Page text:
January 27, 2019


Quietly, but steadily, he’s amassing quite a following online. According to Patari, his songs have been in the top 10 songs of 2018 as well as in the first half of 2019 so far. And he’s done all of this in roughly just over a year.

Islamabad-based, 27-year-old singer-songwriter, musician and producer Shamoon Ismail, recently also got a shout-out from the multitalented Pakistani internet star Mooroo (Taimoor Salahuddin) in one of his vlogs. Mooroo can be seen playing Shamoon’s song Marijuana while cruising in a new luxury car and there’s a little clip featuring Shamoon himself. The video garnered 100,000 views in just the first 24 hours after it was published online.

Marijuana is from Shamoon’s EP titled Cookie. It has four songs that were released sometime in the past year or so, but his own musical journey started roughly a decade earlier.

“I’ve been singing for as long as I can remember,” he shares. He started playing instruments right before college. How many? “Four, but I’m not very good at all of them,” he confesses. “I play the guitar and bass the best, drums mein theek hoon [I am just okay on drums].” It was around that time that he also started writing songs as well. “I don’t think I was good back then,” he says. “There are a lot of songs that I have written but don’t plan to put out any time soon.

Shamoon Ismail is a rising star in music but, as popular as his music might be getting, he still comes across as intensely private and somewhat shy

He first released some of his music online sometime in 2013 — including the popular Jutt Blues. But he stopped the year after. Why? He responds after a pause, as if gathering himself. “My mum died,” he says, “I started university. Things changed. So, between 2014 to 2017 I took a break.”

He shares some of the feedback he gets from his followers on his social media accounts. There’s that person who said the song Taare helped him through some difficult times, fans across the border who send him video clips of them playing his songs wherever they are and even a clip of a dance group performing their choreography to his song Taare as well.

“Everyone has their own relationship to the song,” says the singer. “They all react differently. I have a different connection with different songs by different artists too, so I totally understand. Sometimes people send me long messages telling me their secrets, saying this is how your song has helped me.”

How does that feel? “I just wrote the song, I never thought about what the song was going to do,” he says. “I don’t know what to say. It feels good. There’s something I’ve done [that impacts peoples’ lives].”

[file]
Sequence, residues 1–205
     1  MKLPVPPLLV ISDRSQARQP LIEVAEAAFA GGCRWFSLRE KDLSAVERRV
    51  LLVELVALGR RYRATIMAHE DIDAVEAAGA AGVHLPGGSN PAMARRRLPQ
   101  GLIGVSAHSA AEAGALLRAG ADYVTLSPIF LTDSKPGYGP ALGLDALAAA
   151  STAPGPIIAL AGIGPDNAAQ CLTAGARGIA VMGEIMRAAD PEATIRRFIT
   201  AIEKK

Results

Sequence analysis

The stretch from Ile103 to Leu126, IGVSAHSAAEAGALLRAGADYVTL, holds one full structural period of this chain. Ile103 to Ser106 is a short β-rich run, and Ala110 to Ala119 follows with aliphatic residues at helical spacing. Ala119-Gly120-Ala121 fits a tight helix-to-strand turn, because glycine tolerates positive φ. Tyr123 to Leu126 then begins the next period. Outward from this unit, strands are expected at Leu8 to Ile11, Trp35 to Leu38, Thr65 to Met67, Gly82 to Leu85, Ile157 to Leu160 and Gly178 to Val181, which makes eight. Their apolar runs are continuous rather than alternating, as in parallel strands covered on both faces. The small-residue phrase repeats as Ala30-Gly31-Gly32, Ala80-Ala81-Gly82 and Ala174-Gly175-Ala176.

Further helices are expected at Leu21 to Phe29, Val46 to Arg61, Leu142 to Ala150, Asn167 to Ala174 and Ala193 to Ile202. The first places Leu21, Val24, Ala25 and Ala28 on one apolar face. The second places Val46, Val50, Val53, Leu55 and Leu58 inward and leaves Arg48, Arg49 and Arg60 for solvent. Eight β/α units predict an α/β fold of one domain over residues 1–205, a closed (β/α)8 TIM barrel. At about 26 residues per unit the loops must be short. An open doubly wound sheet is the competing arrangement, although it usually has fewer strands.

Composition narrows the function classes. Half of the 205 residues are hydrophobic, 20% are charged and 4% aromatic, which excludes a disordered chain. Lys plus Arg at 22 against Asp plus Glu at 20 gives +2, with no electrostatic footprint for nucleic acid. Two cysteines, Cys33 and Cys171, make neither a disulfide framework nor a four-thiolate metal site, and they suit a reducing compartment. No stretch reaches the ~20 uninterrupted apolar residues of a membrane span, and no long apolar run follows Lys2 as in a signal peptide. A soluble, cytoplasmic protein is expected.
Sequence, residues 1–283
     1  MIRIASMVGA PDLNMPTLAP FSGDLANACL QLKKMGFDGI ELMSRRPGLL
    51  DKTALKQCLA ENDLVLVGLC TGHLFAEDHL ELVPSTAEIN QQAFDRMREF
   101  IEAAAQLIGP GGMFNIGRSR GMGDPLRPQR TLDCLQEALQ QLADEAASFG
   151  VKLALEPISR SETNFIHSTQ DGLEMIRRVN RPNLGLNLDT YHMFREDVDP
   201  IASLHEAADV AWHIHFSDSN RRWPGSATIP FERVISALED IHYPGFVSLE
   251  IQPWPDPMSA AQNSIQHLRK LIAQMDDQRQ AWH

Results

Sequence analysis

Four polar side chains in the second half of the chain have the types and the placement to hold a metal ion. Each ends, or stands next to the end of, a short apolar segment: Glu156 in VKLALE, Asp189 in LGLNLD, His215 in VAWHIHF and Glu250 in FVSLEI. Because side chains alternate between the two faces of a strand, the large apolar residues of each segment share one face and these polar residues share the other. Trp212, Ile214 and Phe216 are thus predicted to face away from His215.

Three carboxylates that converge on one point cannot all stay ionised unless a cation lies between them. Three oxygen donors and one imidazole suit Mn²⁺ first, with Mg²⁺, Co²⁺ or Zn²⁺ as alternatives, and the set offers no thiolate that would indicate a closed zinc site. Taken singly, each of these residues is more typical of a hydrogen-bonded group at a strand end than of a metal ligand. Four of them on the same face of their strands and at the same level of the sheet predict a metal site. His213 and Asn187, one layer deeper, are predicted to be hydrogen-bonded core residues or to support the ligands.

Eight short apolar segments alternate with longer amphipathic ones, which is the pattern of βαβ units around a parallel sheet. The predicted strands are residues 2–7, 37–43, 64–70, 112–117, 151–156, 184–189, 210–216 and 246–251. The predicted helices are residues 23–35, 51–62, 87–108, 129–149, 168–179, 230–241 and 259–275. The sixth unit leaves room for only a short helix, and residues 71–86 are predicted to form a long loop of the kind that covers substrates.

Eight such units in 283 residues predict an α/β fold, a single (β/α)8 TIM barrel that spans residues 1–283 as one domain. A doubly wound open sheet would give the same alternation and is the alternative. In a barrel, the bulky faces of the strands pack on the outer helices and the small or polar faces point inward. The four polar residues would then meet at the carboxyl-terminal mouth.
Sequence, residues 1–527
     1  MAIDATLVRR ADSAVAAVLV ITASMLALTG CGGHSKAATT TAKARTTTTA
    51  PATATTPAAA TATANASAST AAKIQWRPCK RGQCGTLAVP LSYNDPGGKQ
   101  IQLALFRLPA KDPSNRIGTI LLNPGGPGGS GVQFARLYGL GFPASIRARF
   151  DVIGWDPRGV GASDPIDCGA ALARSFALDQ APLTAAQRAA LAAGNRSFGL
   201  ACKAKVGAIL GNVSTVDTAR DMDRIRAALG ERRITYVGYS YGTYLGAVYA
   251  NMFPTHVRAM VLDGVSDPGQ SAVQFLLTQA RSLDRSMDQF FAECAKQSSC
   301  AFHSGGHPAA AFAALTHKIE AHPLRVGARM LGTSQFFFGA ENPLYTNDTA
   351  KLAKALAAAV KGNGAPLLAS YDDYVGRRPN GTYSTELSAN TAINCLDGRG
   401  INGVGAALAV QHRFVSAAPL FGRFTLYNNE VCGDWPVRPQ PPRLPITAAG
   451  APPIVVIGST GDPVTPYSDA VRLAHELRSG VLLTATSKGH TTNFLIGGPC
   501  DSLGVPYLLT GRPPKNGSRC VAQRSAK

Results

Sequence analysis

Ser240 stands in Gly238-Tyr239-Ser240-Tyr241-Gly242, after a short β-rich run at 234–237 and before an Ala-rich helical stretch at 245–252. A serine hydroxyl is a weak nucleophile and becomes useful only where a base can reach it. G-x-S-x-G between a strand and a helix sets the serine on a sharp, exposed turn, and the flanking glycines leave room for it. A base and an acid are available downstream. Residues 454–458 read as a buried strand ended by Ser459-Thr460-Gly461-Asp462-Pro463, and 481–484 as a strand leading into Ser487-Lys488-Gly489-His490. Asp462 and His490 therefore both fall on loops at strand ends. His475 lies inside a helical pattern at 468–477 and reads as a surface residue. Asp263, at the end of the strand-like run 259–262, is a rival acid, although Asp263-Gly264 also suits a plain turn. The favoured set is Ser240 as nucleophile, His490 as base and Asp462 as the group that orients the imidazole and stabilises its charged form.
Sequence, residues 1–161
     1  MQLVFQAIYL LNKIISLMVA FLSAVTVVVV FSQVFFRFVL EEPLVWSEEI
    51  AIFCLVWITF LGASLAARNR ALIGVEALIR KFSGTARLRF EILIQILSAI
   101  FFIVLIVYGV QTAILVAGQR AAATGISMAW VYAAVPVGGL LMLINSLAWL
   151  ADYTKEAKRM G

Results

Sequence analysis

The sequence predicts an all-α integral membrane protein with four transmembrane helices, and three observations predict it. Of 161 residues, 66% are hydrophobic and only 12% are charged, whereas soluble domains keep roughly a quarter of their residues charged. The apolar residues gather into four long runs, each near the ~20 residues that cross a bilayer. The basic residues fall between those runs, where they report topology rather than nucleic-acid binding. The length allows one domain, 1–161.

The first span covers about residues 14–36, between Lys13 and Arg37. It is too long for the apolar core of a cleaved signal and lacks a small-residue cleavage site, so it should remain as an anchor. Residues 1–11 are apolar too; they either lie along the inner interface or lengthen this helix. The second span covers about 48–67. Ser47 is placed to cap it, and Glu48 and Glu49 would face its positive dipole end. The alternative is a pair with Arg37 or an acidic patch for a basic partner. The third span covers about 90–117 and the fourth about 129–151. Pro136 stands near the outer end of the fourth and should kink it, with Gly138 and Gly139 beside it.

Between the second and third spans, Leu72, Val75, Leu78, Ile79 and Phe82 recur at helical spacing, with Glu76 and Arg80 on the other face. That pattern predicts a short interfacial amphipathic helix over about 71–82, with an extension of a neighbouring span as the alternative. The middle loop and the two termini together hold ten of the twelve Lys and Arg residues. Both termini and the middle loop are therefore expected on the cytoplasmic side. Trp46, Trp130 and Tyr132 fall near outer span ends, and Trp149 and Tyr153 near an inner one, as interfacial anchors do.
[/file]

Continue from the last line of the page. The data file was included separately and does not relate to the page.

As popular as his music might be getting, as a person, Shamoon comes across as somewhat shy and reclusive, preferring the company of a small group of people rather than enjoying mingling in large crowds. When the time comes, he can slip into the role of a performer and give himself to a crowd. But only on occasion, not all the time. After all, there’s only so much of yourself you can give to the world.

The artist admits that he likes to keep a small, close-knit group of friends and an overall lower profile in public.

Shamoon has been at the centre of some controversy as well. On two occasions he came out publicly about being threatened by production houses after having refused to grant rights/permissions to use his songs in an Indian film back then and, recently, for an upcoming local film.

This is becoming quite a pattern. “That is happening to me a lot!” he sounds frustrated. “In the last one and a half years.”

Of the songs from the well received Cookie, the first and, so far, the most popular song from the little collection is the very groovy Marijuana. But the rest are equally intriguing. There is Karachi — about feeling an unspoken connection with a stranger he locked eyes with once during a flight to Karachi from Islamabad. The stranger followed him around but he never actually talked or interacted. Then there’s the deeply-emotional Khayal and, lastly, Na Toon featuring Mooroo and Haider Mustehsan (Momina’s brother, who sounds uncannily like Justin Bieber).

Cookie is mostly in Punjabi, with the exception of Mustehsan’s lines in Na Toon. “I’ve written songs in Urdu and English as well,” says Shamoon. “But over the years I’ve realised that the best expression jo mera nikalta hai, woh Punjabi mein nikalta hai [I express myself best in Punjabi].”

Why is your EP called Cookie, I ask him. “I don’t know,” Shamoon says. “Because I like cookies! Cookie, iss ka matlab kya hai, woh thora deep hai [What is the meaning of Cookie? That’s a little deep].” He laughs. I try to prod a little more. Is it a secret nickname? “Yeah,” he laughs. “Aur iss ko mein secret hi rakhna chahta hoon! [And I want to keep it a secret!]”

Is he planning to come out with anything after this? “To be honest, I have tons of music,” says Shamoon. “I make music pretty much every day. I can release something tomorrow as well but I’m just waiting for the right time.”

Published in Dawn, ICON, January 27th, 2019